Pitt-Bradford to host fifth annual ‘Teal There’s a Cure’ game

Susan Evans, center, and Dr. George Evans, right — local advocates for ovarian cancer awareness — are seen during a previous “Teal There’s A Cure” campaign. The fifth annual campaign is set for Saturday at the University of Pittsburgh at Bradford.

The University of Pittsburgh at Bradford department of athletics will host its fifth annual “Teal There’s a Cure” campaign during the Saturday home basketball doubleheader to raise awareness for ovarian cancer.

The Panthers will take on Mount Aloysius with the men tipping off at 2 p.m. and the women following at 4 p.m. Members of the basketball teams will be sporting teal shirts during warmups and on the bench.

The games will include raffles for gift baskets and gift cards from Bradford area stores and restaurants as well as a silent auction. There are three major prizes to be won in the silent auction: a basketball signed by Pittsburgh University head men’s basketball coach Jeff Capel, a football signed by Pittsburgh University head football coach Pat Narduzzi and four tickets to a University of Pittsburgh basketball game at Petersen Events Center in Pittsburgh.

All proceeds will be donated to the Evans-Krivak Gynecological Cancer Research Foundation, founded by Bradford residents Dr. George and Susan Evans. Susan Evans is an ovarian cancer survivor and established the fund in honor of Dr. Thomas Krivak, the doctor who treated her.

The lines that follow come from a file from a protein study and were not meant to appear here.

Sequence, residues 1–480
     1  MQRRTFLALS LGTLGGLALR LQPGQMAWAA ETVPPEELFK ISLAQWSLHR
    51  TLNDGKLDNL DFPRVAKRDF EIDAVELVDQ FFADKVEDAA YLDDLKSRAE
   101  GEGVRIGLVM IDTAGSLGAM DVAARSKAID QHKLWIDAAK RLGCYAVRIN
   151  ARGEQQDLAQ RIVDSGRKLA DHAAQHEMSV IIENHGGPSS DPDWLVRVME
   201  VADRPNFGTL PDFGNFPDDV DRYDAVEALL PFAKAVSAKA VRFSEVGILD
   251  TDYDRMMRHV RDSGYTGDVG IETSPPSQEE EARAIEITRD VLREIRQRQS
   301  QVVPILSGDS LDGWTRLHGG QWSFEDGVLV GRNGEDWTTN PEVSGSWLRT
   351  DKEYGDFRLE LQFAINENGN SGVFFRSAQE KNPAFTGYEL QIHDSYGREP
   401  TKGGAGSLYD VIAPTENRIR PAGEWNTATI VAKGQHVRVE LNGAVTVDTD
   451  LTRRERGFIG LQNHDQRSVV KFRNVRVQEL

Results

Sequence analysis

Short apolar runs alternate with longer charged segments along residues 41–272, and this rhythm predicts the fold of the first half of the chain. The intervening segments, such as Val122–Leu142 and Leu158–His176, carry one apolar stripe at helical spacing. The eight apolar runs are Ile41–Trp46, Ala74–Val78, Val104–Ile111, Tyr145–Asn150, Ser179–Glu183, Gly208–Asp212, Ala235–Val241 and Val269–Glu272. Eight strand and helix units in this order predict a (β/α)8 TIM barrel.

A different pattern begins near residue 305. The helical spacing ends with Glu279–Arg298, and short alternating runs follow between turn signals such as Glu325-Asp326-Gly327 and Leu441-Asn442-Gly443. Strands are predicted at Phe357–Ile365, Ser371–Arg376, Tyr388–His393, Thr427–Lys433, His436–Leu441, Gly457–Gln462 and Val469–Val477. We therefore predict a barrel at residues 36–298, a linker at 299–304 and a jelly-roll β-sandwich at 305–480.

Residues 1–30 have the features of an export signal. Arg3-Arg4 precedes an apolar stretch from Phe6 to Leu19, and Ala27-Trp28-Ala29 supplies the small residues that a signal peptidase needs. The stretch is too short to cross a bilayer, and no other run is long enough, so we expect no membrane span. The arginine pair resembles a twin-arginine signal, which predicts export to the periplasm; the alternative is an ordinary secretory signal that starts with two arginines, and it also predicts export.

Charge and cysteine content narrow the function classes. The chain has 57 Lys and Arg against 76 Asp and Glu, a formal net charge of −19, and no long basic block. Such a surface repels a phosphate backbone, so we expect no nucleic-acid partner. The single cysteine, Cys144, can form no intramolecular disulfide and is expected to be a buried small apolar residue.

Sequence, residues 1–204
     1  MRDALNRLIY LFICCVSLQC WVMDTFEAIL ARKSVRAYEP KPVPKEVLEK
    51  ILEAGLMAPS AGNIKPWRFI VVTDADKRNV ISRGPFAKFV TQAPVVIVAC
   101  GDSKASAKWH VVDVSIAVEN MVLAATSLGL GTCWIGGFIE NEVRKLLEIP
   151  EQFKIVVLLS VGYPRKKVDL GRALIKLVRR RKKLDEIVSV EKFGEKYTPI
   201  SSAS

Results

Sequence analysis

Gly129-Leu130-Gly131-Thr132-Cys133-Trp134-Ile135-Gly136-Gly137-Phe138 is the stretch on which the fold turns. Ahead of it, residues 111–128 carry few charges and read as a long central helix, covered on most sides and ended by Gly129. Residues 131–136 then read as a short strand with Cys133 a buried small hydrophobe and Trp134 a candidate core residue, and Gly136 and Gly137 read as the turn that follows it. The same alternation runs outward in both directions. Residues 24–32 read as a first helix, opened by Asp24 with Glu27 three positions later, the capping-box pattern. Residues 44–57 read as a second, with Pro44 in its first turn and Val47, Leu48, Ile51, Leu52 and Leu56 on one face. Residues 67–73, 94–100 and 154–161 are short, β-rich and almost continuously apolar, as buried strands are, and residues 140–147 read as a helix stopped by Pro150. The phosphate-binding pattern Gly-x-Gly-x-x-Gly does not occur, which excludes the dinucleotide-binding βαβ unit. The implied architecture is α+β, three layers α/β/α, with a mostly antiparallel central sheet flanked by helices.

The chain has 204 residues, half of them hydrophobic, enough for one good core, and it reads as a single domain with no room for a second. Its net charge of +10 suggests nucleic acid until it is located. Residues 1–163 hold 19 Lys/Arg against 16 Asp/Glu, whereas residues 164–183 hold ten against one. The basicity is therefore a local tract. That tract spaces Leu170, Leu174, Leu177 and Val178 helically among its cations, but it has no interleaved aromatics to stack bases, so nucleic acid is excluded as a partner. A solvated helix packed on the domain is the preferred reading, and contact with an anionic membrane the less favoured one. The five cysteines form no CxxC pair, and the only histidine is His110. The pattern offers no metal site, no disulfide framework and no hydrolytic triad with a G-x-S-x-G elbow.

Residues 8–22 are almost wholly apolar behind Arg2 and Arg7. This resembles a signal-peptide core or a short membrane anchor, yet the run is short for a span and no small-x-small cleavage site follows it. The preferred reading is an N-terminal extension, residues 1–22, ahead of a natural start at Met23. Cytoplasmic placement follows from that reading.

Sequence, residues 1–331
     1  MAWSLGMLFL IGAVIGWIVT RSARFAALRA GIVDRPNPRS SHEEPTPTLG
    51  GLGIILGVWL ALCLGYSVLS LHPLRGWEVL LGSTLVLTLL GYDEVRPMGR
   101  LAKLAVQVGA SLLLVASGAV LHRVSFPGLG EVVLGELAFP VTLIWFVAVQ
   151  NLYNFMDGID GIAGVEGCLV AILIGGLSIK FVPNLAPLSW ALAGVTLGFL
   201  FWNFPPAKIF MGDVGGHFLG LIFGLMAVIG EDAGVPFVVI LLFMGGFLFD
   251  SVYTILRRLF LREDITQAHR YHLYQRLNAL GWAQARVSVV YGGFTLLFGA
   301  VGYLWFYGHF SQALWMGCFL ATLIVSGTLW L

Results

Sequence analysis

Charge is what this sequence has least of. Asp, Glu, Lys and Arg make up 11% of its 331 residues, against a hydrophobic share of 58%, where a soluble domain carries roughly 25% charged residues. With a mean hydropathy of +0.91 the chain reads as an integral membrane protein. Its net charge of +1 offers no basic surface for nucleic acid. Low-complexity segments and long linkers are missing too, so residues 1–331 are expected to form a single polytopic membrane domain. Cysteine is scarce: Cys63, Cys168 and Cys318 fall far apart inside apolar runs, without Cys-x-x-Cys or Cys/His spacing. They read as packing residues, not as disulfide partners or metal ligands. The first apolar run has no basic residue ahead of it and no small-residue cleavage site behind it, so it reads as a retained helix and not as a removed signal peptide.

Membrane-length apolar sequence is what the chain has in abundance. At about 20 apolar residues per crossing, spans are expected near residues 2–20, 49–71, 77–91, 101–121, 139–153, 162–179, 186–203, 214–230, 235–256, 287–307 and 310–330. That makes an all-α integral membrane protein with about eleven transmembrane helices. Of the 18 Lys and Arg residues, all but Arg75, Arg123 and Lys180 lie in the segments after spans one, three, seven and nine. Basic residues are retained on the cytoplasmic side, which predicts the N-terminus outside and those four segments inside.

Ovarian cancer ranks fifth in cancer deaths among women, accounting for more deaths than any other cancer of the female reproductive system. A woman’s risk of getting ovarian cancer during her lifetime is about 1 in 75. It can be deceptive and difficult to identify, as no test for detection currently exists; Susan Evans was diagnosed from an ER scan that was probing the cause of a swollen ankle.

“Funds from this event go toward research and education,” Evans said. “I’ve found that education is the most important part. Early detection can save so many lives.”

She has spoken to more than 150 groups in the last five-plus years in an effort to raise awareness for ovarian cancer, and she penned a book, “Don’t Write the Obituary Yet,” an unfiltered testimonial to her personal journey and the emotional challenges she faced during diagnosis, treatment and surveillance. The book has sold over 1,600 copies.

All of the proceeds go toward supporting the Evans-Krivak fund. Copies are available for purchase at the Ameriprise Financial Services Inc. office in Bradford’s Union Square or directly from Evans. Contact her via email at sevans66@verizon.net for more information.

Evans, who is in remission, is retired after teaching English at Bradford Area High School for 32 years. Her husband is a retired journalism professor, who spent 29 years teaching at St. Bonaventure University. They currently reside in Bradford and are annual donors of Pitt-Bradford as members of the Founders Society and also members of Brackenridge Circle and 1787 Society at main campus.

“It’s never too early to educate on this disease,” Evans concluded. “Just last year, I met a seven-year-old-ovarian cancer survivor. She’s a wonderful, energetic second grader. That solidifies that it’s never too early and this event helps bring it to the forefront.”

Visit www.pittsburghfoundation.org for more information on how to donate to the Evans-Krivak Gynecological Cancer Research Fund.

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